Clever idea and not bad for a first effort, but this concept of a truly personalized ad could be taken so much further.
Inserting the user's name, birthday, a few recent Facebook likes and high school friends' photos does not make it personal. Everyone who tries this is watching essentially the same Intel commercial.
Definitely fun and entertaining. I always say no to apps on my facebook because I don't like unwanted adds, but coming from Intel, well, ok!
Very entertaining. It takes a little more than expected to start, I suppose it takes long to gather and download all your information. Then, it puts your name in the video, your birthday, friends of names and pictures. Adds some pop culture icons to your musical and... nice. all for less than a minute of entertainment to announce the Intel brand and the new computing era.
Smart add. But this makes me also realize that seeing something on the internet isn't as broad in audience reach as the TV. Content on the internet is very focused and so, one sees that what's within our interests. But when something is widespread through TV, I know many more people will see it. Facebook though is becoming a big pool of users and going through facebook is a great way to reach many more audience. And it's also the only way to get all your information. Smart move!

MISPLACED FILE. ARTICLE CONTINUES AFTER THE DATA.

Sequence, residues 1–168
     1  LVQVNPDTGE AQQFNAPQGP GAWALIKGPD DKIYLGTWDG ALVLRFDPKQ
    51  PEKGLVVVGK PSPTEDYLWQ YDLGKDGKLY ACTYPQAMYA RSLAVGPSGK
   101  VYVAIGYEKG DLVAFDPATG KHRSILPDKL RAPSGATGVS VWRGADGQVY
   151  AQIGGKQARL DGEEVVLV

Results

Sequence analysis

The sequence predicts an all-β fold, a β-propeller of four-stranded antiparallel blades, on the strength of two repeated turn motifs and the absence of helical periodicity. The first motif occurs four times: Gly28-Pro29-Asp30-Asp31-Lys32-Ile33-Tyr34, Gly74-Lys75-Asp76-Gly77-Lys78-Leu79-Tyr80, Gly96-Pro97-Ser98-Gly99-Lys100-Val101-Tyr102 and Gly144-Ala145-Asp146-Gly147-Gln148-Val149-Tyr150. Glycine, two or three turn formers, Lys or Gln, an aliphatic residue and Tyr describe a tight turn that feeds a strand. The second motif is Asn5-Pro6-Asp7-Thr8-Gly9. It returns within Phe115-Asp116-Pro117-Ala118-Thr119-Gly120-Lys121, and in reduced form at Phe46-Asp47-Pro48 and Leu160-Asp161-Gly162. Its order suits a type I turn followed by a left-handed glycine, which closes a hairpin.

I agree. Even though "memxprt" above eloquantly made a case for it ( he wrote: 2. Fuel the fire on the ARM-VS-INTEL war, making this application in-compatible with Smartphones (ARM-based), yet compatible with x86 machines (PC) and Atom based smartphones.), I think that's a turn-off for many consumers these days.
In fact, I was actually surfing the web on my smartphone when this press release came across; I pushed the link and got the same msg that "resistion" got. And I had to stop and said to myself: well, that's pretty self-serving, isn't it?
Having just lost a third of its market cap after disappointing earnings, Facebook needs the juice nearly as much as Intel which is still less than ideally positioned for the mobile era.
I tried to avoid giving Intel permission to post to my Facebook page, but decided to trust them and they didn't doing anything I'm embarrassed about.
It was actually kinda fun. A few quick flashes of high school friends and recent "likes."
Of course, there was the Intel microprocessor mini-mercial...and an Ultrabook ad at the end!
Innovative online marketing. Now where's the 22nm Medfield follow on?
As we unveil EE Times’ 2015 Silicon 60 list, journalist & Silicon 60 researcher Peter Clarke hosts a conversation on startups in the electronics industry. Panelists Dan Armbrust (investment firm Silicon Catalyst), Andrew Kau (venture capital firm Walden International), and Stan Boland (successful serial entrepreneur, former CEO of Neul, Icera) join in the live debate.